KUALA LUMPUR, July 1 — Malaysia’s third quarter economic performance will be critical in determining how the economy will play out in 2020, says S&P Global Ratings.
Asia-Pacific economist Vishrut Rana said while the local economy is well-positioned to recover, the path towards recovery would remain challenging given the increasing unemployment rate.
“We expect Malaysia’s gross domestic product (GDP) to contract by two per cent in 2020, which is on the higher side compared with consensus. However, we see good progress in the containment of COVID-19 in Malaysia and the progression of the movement restriction.
“Which means, Malaysia is well-placed for a recovery and normalisation in activity in the third quarter,” he told a webinar titled “Malaysia - Fiscal And Debt Risks Reflect Impact of COVID-19” here today.
For 2021, 2022 and 2023, S&P Global expects Malaysia’s GDP to grow by 7.5 per cent, 6.1 per cent and 4.7 per cent, respectively.
It was reported recently that Malaysia’s economic growth moderated sharply to 0.7 per cent in the first quarter of 2020, compared with 3.6 per cent in the fourth quarter of 2019.
He also stressed that the third quarter would be critical for the ratings agency to determine how 2020 would play out for Malaysia—should there be a normalisation in economic activity and household spending, as well as low numbers of COVID-19 new cases, economic growth would likely happen.
Commenting on the risks to recovery for this year and the next, he said the two factors to monitor are COVID-19 and the local labour market.
“Globally and domestically, the pandemic should be contained and we expect by mid-2021, medical intervention will be available. This will prevent it to be as big of an issue as it is today.
“Secondly, the speed of recovery in the labour market is key. If the unemployment rate continues to grow, this will likely cause household income to fall, which will then cause a reduction in spending and economic growth,” he said.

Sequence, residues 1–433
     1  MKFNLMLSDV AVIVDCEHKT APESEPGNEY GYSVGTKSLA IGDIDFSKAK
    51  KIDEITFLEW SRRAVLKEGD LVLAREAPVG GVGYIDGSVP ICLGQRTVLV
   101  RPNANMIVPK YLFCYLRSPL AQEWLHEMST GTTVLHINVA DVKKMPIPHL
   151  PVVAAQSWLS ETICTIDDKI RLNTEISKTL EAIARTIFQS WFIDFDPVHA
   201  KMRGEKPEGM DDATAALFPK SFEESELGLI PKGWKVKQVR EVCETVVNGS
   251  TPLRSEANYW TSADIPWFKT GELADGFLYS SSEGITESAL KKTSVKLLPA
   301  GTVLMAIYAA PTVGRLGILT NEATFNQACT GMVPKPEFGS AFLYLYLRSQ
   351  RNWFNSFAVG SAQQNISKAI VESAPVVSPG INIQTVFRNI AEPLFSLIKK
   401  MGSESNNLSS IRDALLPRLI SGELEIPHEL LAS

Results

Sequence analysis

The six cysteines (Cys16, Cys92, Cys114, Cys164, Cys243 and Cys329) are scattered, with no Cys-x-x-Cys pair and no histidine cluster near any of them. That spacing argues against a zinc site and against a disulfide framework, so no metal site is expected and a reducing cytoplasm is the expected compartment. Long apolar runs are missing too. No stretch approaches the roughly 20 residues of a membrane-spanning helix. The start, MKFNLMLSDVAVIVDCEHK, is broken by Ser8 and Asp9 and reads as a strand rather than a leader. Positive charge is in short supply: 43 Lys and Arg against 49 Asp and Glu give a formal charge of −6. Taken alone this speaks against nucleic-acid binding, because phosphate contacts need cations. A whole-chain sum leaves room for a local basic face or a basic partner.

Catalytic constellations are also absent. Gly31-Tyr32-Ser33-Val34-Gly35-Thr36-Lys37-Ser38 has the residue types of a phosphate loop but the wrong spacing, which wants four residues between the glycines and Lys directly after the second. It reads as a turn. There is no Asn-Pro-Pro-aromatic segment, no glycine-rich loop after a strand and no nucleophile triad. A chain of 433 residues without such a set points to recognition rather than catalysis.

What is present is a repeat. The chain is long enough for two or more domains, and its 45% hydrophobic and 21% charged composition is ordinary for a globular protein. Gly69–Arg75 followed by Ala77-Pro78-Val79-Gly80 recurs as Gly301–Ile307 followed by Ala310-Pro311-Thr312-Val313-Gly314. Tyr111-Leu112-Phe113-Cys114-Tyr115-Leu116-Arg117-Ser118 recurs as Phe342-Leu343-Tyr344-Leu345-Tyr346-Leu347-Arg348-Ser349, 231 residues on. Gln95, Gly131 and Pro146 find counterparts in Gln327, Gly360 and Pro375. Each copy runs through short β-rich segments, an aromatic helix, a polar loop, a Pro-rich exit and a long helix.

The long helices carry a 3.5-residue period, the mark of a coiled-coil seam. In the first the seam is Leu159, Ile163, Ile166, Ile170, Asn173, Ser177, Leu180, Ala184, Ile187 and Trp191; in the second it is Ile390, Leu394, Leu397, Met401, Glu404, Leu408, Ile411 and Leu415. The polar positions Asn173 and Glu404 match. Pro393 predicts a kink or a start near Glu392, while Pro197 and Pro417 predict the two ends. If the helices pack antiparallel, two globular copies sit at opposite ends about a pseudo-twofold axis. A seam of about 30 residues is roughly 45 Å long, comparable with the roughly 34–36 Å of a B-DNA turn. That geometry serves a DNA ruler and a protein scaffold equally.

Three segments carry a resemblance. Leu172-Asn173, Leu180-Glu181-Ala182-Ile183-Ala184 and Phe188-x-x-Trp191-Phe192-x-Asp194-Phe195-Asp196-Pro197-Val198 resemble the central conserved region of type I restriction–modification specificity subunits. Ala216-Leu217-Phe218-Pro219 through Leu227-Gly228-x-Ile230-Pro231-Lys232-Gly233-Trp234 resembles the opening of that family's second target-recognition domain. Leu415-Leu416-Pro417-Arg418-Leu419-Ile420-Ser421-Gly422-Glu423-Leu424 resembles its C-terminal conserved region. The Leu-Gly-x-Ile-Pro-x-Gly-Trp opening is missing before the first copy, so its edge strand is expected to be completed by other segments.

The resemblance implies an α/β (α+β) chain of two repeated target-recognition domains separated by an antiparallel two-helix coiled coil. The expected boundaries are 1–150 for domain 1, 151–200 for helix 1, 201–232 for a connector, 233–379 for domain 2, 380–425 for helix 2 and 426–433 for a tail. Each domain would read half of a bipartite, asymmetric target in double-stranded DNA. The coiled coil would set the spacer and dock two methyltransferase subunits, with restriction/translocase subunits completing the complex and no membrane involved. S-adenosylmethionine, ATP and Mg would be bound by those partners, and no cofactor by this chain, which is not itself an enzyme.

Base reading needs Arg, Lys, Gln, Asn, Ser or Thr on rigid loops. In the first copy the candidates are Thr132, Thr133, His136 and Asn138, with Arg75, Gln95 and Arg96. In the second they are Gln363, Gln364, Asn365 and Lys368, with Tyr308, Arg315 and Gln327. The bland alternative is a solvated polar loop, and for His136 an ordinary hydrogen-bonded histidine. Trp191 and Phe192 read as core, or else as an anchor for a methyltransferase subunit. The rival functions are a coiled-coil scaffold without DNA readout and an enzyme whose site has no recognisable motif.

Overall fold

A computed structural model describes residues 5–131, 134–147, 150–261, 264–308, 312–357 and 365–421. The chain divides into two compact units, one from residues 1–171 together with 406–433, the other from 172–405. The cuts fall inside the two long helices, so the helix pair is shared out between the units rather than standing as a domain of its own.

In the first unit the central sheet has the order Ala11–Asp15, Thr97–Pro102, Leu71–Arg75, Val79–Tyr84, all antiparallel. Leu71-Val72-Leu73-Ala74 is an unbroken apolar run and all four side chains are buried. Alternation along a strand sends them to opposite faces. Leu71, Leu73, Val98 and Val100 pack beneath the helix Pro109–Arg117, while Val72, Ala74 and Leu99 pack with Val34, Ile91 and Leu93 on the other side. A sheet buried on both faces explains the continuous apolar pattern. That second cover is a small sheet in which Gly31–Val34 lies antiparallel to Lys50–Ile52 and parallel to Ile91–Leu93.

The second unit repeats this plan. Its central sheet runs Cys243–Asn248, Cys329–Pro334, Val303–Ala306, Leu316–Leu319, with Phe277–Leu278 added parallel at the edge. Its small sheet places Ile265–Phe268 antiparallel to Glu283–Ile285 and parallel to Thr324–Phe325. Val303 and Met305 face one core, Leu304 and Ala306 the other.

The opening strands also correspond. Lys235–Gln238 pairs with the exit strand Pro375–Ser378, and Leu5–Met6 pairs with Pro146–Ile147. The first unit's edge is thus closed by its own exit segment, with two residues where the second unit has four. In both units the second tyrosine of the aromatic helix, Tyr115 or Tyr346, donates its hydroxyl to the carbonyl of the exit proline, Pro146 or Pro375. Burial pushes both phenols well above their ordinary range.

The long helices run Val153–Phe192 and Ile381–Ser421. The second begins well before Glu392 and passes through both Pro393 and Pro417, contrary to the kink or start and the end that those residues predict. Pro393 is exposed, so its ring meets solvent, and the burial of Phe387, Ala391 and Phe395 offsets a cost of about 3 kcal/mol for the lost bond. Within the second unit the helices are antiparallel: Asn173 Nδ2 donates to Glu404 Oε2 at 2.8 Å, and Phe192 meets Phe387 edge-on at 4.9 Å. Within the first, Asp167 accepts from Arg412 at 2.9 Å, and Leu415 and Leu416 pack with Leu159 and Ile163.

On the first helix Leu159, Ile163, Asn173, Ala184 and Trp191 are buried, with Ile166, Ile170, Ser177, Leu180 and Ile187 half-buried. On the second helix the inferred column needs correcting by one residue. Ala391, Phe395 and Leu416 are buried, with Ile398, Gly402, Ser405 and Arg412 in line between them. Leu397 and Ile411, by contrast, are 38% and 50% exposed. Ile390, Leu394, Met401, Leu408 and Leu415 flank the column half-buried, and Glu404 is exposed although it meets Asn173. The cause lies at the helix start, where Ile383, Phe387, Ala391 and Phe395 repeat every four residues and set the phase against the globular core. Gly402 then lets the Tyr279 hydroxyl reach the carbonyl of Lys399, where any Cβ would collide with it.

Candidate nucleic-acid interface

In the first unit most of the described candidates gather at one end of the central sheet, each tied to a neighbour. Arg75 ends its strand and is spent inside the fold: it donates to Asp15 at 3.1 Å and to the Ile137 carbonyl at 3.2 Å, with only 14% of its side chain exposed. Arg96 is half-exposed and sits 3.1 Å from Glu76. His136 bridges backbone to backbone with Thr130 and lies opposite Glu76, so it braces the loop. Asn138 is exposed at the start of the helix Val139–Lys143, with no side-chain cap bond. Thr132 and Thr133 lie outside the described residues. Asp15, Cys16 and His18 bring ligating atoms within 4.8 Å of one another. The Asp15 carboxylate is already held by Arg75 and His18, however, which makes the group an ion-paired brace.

Meanwhile, Asia-Pacific, Financial Institutions Ratings associate Nancy Duan said despite S&P Global’s revision on the outlook of five Malaysian banks to negative from stable yesterday, Malaysian banks are facing COVID-19 related challenges from a strong stance compared with regional peers.
She said the rating actions on these banks are based on the outlook revision on the sovereign credit ratings on Malaysia as it does not expect the banks to be able to withstand the stress associated with a sovereign default.
“Compared with regional peers, we believe Malaysian banks are facing COVID-19 related challenges from a pretty strong stance given their historical low nonperforming loan (NPL) ratio and historical high capital ratio, as at the end of last year,” she said.
However, she said the spike in the unemployment rate in April, the highest in a decade, is posing a risk to Malaysian banks given that they have a large exposure to the household sector of around 58 per cent.
She said the ratings agency forecasts the unemployment rate to be at 4.9 per cent this year and 4.7 per cent in 2021.
Answering a question in reference to recent reports of Sarawak’s sales tax lawsuit against national oil and gas company Petronas, Asia Pacific, Corporate Ratings associate director Shawn Park said: “Petronas has the financial capacity and operational resources to manage any potential downside to their cash flow.
“The exact amount that they are required to pay to the Sarawak government is unclear at this point. Regardless, Petronas is abundant in cash balance of RM144 billion as of the first quarter of 2020.”
Asked on the possibility of another round of special dividend request by the Malaysian government and whether this would affect the firm’s cash flow, Park said Petronas has gone through multiple down cycles and oil price collapses in the past.
He said even with the special dividend announcement last year, the company has maintained a sound financial policy and has the financial buffer to withstand any downside to its cash flow. — Bernama